They -- through you -- are obligated to meet all federal privacy and security laws to protect that information.  This includes billing companies, technology vendors, temporary staffing companies and anyone else with potential assess to patient information.  With all of your business associates, you need an agreement that legally binds you (the HIPAA covered entity) and the business associate with very clear terms for managing and protecting health information emanating from you.


In its new memo, OCR also says you should plan in advance for how you will confront a breach by a business associate, including subcontractors. OCR’s memo recommends the following:

1. Business associate agreements should define how and for what purposes patient information may be used or disclosed. Be clear about what constitutes unauthorized disclosures and incidents that need to be reported back to the HIPAA-covered healthcare provider.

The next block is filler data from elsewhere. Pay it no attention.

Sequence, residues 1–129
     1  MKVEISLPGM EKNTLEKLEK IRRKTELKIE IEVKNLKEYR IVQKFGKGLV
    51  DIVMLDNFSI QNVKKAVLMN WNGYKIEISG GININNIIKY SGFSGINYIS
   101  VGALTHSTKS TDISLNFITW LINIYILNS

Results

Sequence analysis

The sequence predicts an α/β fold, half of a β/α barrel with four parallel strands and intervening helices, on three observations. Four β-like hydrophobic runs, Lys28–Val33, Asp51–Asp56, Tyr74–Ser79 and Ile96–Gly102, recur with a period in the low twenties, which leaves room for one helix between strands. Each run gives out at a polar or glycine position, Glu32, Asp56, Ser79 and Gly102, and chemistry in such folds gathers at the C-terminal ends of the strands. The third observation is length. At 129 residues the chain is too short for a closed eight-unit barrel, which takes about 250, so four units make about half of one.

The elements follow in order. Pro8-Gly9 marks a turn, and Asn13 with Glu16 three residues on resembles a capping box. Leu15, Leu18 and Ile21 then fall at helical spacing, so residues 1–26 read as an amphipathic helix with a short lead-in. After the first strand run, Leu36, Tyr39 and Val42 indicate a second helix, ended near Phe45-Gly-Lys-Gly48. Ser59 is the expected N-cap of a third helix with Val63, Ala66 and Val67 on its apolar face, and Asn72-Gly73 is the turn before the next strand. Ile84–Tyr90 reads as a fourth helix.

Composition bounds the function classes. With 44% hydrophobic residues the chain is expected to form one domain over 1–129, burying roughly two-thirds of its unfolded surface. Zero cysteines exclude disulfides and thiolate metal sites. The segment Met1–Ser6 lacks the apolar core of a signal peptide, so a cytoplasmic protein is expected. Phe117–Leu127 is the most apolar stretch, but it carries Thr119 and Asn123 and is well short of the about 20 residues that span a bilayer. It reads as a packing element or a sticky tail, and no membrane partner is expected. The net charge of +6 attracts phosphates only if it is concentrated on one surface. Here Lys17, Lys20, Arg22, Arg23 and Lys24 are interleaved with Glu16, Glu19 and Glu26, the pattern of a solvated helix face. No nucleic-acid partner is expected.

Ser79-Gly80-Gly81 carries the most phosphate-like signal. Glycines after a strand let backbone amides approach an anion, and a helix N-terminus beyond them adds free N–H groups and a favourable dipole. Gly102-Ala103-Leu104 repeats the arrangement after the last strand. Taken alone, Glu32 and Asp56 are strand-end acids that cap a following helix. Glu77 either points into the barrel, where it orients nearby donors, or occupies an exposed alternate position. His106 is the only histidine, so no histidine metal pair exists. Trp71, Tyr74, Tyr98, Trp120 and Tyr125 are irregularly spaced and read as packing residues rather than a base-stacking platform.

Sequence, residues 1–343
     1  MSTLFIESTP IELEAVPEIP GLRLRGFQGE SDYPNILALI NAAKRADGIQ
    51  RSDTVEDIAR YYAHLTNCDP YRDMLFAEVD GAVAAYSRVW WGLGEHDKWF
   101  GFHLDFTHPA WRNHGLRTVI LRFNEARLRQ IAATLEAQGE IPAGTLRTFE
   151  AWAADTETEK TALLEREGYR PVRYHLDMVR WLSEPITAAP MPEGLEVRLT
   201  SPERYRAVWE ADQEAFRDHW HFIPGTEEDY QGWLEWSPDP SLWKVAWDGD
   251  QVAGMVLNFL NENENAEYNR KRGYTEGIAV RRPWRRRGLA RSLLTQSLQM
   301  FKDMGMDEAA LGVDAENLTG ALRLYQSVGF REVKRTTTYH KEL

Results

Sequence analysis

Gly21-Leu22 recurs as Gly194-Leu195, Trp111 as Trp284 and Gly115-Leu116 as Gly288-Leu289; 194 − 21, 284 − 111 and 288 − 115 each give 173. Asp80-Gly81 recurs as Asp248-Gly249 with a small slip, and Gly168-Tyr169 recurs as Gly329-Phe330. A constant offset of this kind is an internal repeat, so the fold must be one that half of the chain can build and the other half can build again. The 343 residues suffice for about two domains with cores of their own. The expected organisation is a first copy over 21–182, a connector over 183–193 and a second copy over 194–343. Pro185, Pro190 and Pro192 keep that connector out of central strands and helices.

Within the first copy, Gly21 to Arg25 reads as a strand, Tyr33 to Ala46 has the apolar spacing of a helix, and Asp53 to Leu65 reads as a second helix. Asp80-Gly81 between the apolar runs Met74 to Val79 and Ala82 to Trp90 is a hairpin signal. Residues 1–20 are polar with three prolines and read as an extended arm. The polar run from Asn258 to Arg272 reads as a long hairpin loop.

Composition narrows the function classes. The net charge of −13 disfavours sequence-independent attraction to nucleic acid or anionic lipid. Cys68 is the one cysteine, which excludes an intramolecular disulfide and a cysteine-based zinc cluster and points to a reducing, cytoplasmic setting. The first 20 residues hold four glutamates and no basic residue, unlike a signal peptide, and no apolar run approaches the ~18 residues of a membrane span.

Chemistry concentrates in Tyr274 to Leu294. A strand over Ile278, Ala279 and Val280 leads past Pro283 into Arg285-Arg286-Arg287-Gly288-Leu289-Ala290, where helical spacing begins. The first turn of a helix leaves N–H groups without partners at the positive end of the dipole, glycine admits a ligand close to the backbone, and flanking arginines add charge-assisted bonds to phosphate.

HIPAA defines “security incidents” as attempted or successful unauthorized access, use, disclosure, modification, or destruction of information, or interference with system operations in an information system. This could include:

  • Attempts (either failed or successful) to gain unauthorized access to electronic Patient Health Information (ePHI), or a system that contains ePHI;
  • Unwanted disruption to systems that contain ePHI;
  • Changes to system hardware or software characteristics without the owner's knowledge or consent.

2. Business associate agreements should specify the time frame for business associates or subcontractors to report a breach, security incident, or cyber-attack. Keep in mind: Reporting should be prompt, and covered entities are liable for untimely HIPAA breach reporting to affected individuals, OCR and, in some cases, the media.